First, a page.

Anyway, the important point, whatever you want to insist on regarding the semantics of "fuel", is that hydrogen is not a net energy source on earth, because there are no reservoirs of free hydrogen. Yes, yes, yes-- all informed posters on this thread agree. Hydrogen is still interesting, however, because it is, at least in principle, portable. So it can be a vehicle fuel, or, if you prefer, a vehicle "energy storage medium". It is, furthermore, much more promising in energy density than electric batteries (even NiMH batteries, which use hydrogen mated to metal), and, unlike electric batteries, a possible alternative to gasoline.
The economical use of hydrogen does depend on cheap electricity-- that's true. But if the other technical problems with hydrogen's use work out, it would be a significant development that economic vehicular travel would depend *only* on there being a cheap source of electricity. For there are plenty of cheap ways to generate electricity in the U.S., and there will be in the foreseeable future. That would be a contrast to now, when we must deal with the international political problems associated with importing oil. There is also the long term possibility that oil will become more scarce and its price will rise. Then, there are the carbon emissions from ICE engines, which, while grossly overestimated by the left in their harmful influence, would nevertheless be a nice thing to be rid of. There is, after all, the possibility of producing electricity without combustion emissions in the future, through fission reactors, and, perhaps someday, fusion reactors.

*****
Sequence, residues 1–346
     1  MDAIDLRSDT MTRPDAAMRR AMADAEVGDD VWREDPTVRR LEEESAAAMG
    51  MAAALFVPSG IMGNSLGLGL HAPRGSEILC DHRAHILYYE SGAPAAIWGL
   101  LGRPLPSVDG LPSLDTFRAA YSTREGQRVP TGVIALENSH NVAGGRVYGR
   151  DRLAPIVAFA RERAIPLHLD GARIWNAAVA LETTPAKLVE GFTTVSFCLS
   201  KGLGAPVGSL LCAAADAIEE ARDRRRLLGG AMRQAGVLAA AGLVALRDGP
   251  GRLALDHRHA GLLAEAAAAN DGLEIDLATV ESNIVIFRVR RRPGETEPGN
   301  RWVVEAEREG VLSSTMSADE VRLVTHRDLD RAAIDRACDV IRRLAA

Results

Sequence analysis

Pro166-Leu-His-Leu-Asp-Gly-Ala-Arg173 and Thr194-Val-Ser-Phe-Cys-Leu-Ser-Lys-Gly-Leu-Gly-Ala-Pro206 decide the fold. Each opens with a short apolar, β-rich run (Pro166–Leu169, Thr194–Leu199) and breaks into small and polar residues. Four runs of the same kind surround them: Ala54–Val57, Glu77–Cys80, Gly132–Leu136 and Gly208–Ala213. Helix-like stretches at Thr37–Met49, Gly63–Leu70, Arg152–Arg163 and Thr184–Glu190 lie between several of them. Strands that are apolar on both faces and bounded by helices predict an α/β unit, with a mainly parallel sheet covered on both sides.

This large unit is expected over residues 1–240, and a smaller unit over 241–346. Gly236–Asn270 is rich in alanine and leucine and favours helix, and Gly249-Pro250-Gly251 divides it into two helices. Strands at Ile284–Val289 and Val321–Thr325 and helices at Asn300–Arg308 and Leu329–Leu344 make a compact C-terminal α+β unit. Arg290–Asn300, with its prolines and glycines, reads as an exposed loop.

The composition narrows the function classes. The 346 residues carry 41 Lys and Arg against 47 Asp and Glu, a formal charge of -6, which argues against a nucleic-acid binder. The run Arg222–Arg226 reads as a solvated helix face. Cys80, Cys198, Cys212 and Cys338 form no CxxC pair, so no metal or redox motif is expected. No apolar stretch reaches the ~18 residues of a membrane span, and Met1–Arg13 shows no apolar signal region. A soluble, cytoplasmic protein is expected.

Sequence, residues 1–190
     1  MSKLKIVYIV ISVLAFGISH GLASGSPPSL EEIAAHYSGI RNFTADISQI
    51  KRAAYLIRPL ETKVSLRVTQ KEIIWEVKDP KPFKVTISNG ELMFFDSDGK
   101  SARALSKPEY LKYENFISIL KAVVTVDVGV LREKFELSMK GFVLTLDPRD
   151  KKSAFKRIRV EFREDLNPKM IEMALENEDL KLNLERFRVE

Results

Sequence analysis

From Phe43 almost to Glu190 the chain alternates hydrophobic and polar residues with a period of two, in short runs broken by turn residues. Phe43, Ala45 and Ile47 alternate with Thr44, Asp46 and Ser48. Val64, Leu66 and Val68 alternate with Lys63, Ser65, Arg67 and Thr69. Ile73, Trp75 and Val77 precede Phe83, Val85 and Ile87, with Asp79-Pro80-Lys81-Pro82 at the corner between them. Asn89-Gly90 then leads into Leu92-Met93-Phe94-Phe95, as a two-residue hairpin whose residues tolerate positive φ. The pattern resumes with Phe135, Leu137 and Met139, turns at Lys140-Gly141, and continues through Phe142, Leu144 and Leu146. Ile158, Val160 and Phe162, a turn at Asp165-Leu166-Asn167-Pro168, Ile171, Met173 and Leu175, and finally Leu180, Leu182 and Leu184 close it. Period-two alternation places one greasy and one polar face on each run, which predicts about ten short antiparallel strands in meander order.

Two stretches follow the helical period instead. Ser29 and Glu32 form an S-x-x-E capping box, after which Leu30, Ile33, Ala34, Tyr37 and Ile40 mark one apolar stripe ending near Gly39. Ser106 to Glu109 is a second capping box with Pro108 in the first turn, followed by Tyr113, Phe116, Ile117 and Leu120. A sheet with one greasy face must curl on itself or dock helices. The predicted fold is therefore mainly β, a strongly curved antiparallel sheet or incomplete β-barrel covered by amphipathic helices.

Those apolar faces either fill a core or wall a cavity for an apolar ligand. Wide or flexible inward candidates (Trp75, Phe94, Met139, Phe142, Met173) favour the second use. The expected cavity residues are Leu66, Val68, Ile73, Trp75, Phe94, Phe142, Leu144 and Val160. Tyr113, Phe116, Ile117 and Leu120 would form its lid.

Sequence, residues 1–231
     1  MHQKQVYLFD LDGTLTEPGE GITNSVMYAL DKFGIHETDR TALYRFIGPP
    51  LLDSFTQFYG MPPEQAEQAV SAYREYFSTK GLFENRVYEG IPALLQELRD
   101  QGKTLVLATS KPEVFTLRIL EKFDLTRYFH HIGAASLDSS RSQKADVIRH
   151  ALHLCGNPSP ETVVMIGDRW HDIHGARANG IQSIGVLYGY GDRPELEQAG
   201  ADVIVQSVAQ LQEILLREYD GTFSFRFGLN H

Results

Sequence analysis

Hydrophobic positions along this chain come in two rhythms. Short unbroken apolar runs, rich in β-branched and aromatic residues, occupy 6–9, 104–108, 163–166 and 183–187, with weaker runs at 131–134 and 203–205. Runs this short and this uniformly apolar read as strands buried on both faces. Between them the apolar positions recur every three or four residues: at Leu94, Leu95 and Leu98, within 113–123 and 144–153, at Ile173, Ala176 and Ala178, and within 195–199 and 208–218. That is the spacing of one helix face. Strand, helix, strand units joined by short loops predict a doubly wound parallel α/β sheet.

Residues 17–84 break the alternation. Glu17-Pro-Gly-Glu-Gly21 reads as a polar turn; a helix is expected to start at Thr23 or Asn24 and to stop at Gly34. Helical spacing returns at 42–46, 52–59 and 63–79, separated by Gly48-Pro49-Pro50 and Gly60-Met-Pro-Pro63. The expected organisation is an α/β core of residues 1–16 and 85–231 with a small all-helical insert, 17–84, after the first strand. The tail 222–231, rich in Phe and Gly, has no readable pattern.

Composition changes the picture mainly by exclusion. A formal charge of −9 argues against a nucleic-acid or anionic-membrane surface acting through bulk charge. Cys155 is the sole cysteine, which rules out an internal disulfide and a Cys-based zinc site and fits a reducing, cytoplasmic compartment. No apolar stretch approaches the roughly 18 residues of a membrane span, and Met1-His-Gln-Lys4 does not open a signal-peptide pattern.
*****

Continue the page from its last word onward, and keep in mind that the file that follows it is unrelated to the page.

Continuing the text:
So, the possibility of hydrogen-fueled vehicles is certainly worth some R&D money now. That's the point.
That said, I agree that hydrogen is sometimes now used as a political distraction. One suspects, for example, that Bush's advocacy of hydrogen produced by electricity from windmills(!) in his SOTU was to bolster his green credentials, such as they are, as a counterbalance to his desire to do things like drill in ANWR. (I think we should drill there, by the way.)
You may not be implying this, but just for clarification: the oxidation of hydrogen is not a significant energy component in NiMH or NiCd batteries. The energy is obtained from the metal, not the hydrides. Electrolysis in those batteries, is, in fact an unwanted byproduct of overcharging or catastrophic discharge. Excess Cadmium and other technologies are used to bind the excess hydrogen in the electrolyte to the metal, but it is an unwanted artifact, not part of the energy mechanism.
As you're probably aware, neither of these technologies is a state-of-the-art energy density solution. Li-Ion has higher density, and Li-Polymer is higher still, and these storage media don't have the problems that hydrogen has as a storage material.